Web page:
After a magnitude 7.0 earthquake shook Alaska about 8:30 a.m. Friday, rumors began flying that a second, larger event was on its way.

It’s possible, but there’s no way of predicting that, said geophysicist Jana Pursley with the U.S. Geological Survey’s National Earthquake Information Center in Colorado.

“The risk of larger earthquakes is increased for a few days after a big quake happens,” she said. “There’s always a risk that there could be a second, larger one. But we have no way of saying when, where or even if it’s going to happen.”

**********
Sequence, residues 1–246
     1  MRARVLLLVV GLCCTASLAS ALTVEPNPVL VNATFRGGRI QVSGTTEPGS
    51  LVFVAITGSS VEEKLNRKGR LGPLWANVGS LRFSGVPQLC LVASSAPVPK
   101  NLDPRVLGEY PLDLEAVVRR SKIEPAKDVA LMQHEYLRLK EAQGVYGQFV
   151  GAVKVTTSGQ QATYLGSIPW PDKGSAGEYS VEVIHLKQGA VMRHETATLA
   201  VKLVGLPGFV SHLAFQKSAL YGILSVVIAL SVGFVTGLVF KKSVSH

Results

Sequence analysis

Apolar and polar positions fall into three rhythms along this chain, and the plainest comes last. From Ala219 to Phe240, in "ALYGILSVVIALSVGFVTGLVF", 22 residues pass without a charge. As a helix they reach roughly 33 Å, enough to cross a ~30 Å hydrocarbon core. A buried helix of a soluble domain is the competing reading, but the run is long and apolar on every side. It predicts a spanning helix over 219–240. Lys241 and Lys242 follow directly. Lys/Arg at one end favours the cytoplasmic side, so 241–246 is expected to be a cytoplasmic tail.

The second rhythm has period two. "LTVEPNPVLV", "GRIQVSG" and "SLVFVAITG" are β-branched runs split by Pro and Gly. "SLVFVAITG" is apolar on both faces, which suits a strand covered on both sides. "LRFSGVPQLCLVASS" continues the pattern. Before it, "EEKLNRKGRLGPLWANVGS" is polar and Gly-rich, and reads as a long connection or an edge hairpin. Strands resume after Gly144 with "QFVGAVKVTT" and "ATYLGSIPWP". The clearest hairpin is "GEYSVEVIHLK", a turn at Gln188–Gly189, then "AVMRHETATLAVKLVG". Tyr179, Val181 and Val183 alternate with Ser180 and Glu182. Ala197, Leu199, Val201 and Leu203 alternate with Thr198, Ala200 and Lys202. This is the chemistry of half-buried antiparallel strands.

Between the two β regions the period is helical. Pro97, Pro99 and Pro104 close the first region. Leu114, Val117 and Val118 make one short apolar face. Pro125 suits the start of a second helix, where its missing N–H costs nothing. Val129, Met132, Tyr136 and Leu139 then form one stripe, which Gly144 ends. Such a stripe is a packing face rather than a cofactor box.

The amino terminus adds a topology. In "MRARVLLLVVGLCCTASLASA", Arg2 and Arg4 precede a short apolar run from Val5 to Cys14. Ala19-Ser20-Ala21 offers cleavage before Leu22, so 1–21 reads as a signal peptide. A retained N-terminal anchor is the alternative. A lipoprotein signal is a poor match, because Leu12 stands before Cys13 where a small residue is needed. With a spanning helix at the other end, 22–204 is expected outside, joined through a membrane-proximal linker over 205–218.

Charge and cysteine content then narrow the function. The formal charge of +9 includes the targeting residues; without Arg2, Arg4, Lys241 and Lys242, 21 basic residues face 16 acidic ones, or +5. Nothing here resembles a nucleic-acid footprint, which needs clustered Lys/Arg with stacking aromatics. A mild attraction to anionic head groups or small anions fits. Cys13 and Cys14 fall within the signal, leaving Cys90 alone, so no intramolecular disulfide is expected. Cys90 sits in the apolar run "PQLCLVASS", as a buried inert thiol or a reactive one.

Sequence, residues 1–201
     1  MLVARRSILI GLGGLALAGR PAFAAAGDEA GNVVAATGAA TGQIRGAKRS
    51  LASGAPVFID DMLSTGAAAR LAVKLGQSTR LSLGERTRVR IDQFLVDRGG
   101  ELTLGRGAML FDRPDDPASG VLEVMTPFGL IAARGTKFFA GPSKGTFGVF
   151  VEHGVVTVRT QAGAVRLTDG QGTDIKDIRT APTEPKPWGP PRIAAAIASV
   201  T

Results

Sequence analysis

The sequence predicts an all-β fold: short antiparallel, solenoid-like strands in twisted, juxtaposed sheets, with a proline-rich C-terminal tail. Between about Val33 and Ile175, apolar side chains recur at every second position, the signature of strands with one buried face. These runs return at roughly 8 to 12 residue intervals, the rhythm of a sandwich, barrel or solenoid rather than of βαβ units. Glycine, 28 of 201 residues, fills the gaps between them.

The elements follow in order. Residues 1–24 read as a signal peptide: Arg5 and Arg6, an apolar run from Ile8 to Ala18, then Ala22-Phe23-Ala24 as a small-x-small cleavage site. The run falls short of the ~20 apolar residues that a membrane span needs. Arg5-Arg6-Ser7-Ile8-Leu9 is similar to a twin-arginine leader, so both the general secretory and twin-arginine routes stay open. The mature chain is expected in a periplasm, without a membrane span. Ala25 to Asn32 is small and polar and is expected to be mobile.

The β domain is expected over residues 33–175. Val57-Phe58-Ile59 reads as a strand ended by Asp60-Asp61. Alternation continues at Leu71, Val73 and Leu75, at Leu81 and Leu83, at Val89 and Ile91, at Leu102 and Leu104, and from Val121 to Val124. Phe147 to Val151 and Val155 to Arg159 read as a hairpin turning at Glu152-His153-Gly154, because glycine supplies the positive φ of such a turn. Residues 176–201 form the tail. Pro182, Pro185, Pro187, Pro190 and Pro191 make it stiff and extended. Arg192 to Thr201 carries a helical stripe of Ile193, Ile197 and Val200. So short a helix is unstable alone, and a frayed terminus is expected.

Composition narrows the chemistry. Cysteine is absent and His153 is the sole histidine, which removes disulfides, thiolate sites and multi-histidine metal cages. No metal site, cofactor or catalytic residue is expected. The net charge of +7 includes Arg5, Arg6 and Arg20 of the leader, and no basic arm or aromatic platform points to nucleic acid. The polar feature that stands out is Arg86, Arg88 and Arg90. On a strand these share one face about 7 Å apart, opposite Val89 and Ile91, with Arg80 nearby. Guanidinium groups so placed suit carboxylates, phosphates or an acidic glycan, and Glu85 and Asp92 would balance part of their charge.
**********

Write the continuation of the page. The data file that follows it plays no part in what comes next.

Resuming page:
She noted that there was an increased chance of a bigger event following the 2014 Napa earthquake in California – a magnitude 6.0 – but it didn’t happen.

Pursley said people living in earthquake-prone areas should have important documents and medications readily available in case they need to evacuate. They should also know how to get in touch with their families or, if necessary, the authorities.

“In events like these, you might expect power outages and cellphone outages, so have a backup plan,” she said.

The USGS’s website at has more information on preparing for an earthquake.

Friday’s earthquake struck north of Anchorage. There’s been no reported tsunami danger.


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